With 98.6% of millennials owning a mobile phone in the UK, they’re officially known as the mobile generation. For millennials, a smart phone acts as an integral part of their life. One in five browse the internet exclusively via a mobile or tablet, they are constantly connected to their devices for social media updates, selfie uploads and shopping. For brands wanting to engage with millennials, they’ll have to do so via their smart phones.
But brands mustn’t fall into the trap of treating millennials as one entity. There are two distinct groups, Gen Y and Gen Z and each react differently to the media and consume content in different ways.
Generation Y, the ‘internet generation’, were born between 1980 and the early 1990s and are aged between 22 and 36. They have witnessed the birth of the internet and have grown up embracing technology.
Generation Z, the ‘screenagers’, were born between 1995 and 2010 and are aged between six and 21. They are a diverse group who don’t remember a time without the internet and social media.
By 2020, millenials will make up to nearly two fifths (40%) of all consumers and are predicted to have the greatest spending power of any generation by 2018. Marketers need to adapt to these generations’ demands now to future proof their brand. So what are the techniques for maximising brand engagement with generations Y & Z? Which methods do you deploy to meet your brand objectives and how can you capture the attention of this hard to reach audience?
1. Does your content standout and engage?
Generation Y has grown up with SMS in the mobile era, has a typically linear way of communicating and is swift at processing information with an eight to 10 second attention filter. Generation Z had to adopt a hypersonic speed to process information and is even faster at processing information with a two to six second attention filter. The window to grab their attention is getting smaller and as such short, sharp content is proving popular.
Although this platform may have ultimately failed, Vine was one of the original pioneers to bring short-form content to our social feeds. It forged the way for brands to understand the potential for succinct message delivery, and shaking up storytelling for brands within a six second timeframe.
The three-second rule for video content, the amount of time a brand has to engage with the consumer, also reflects the instinct consumers have been forced to develop to enable them to process and accept or dismiss information. Recently, Facebook suggested that fast is getting faster with only 1.2 seconds to capture a consumers attention. In that very short moment of time, an evaluation is made as to whether a message, piece of content or advertising is relevant.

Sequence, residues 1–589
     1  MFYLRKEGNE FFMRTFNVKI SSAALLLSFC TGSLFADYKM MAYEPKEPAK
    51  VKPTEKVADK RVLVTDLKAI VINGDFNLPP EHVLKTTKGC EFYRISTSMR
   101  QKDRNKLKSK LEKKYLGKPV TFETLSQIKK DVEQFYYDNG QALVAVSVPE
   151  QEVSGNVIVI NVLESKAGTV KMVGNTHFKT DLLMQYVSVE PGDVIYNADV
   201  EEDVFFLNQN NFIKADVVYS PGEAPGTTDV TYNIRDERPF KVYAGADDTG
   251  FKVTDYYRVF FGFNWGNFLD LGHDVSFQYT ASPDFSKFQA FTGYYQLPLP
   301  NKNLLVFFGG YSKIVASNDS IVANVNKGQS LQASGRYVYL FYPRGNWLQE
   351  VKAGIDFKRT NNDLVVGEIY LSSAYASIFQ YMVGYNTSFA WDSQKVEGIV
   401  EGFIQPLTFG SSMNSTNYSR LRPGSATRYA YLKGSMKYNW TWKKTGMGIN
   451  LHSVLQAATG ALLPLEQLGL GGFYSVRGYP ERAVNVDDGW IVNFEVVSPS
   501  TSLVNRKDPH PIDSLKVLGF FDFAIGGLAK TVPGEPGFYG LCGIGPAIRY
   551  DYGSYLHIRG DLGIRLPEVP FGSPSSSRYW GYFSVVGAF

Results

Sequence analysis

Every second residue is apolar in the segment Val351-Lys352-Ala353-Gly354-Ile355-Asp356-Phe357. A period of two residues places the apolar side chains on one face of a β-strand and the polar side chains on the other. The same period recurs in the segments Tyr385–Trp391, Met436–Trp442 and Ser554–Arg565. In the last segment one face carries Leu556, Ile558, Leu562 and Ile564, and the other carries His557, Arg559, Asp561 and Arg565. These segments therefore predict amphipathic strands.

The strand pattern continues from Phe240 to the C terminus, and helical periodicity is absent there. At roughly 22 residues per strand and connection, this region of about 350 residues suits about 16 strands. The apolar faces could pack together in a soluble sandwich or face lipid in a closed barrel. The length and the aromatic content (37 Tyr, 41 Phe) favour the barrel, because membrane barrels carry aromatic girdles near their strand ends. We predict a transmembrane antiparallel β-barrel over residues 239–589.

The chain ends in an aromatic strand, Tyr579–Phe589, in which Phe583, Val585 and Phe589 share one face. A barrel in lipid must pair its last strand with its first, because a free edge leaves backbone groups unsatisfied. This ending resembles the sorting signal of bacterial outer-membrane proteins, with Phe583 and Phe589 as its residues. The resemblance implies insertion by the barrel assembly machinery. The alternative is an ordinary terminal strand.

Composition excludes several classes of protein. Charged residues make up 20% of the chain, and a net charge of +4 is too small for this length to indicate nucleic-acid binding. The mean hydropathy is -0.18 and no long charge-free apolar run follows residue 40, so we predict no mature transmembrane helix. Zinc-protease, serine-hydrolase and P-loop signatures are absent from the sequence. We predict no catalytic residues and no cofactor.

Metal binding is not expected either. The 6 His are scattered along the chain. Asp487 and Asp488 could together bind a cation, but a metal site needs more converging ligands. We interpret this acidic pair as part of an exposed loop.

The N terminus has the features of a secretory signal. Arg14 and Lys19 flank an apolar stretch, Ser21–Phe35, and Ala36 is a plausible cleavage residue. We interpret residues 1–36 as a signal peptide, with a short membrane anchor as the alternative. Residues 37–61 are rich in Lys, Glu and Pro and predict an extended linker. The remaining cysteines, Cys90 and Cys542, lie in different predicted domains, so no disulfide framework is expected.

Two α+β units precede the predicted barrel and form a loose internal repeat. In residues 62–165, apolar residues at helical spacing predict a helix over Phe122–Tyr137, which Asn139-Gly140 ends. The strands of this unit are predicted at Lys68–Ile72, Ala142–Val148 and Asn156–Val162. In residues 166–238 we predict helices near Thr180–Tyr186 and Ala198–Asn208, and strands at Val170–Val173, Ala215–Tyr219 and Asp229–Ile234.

In reaction to hypersonic decision-making, brands must adapt the whole narrative of their content; advertising is simply no longer consumed in the same way. Not only do brands have to stand out and engage, but also land their story, cut through the noise and the mechanisms that consumers have developed to screen content out.
2. Is your publishing strategy visual?
Generation Y reads articles, writes emails and watches video content with these later adopters of Twitter moving towards consuming more digestible content. Whereas, generation Z uses instant messaging, browses Snapchat stories and Instagram, and subscribes to vloggers. Generation Z’s use of social media is having a big influence on the type of content brands are producing.
The way in which brands connect visually with the content they produce needs to be considered within any publishing strategy. Creating visual posts for social enables brands to tell a story and build a connection to both the brand and the products and services it offers. Easily digestible, engaging content is key. A good example of this is WWF’s #EndangeredEmoji campaign which invited Twitter users to donate every time they tweeted one of the 17 endangered animal emojis.
To drive visual connections, it’s important to be genuine, authentic and clever. Try and provoke a reaction by demanding a pause point from the audience. Think outside the box; not every piece of content needs to be video; crafted images and clever copy also work well.
3. Are you offering intuitive experiences?
Generation Y uses multiple screens, sometimes using up to three screens on one given task. Generation Z however, takes this to the next level and uses up to five devices at once. Because of this, their attention span can be very limited and very task driven on what they want to consume.
With shorter attention spans across an increasing number of devices, it is important to ensure marketing content is mobile-ready to capture attention. In 2015 a third of all transactions were made on mobile; a £20 billion market, and with Gen X three times (29%) more likely to purchase online than Gen Y, the importance continues to grow.
To best connect with millenials in future, brands need to ensure that websites and landing pages are fully responsive and optimised for mobile. In addition to this they need to always test on a mobile screen to ensure assets are fully utilised for audiences ‘on the go’. If marketers follow these three steps, it will help them to capture the attention of this hard to reach audience and improve the connection between millennial consumers and their brand.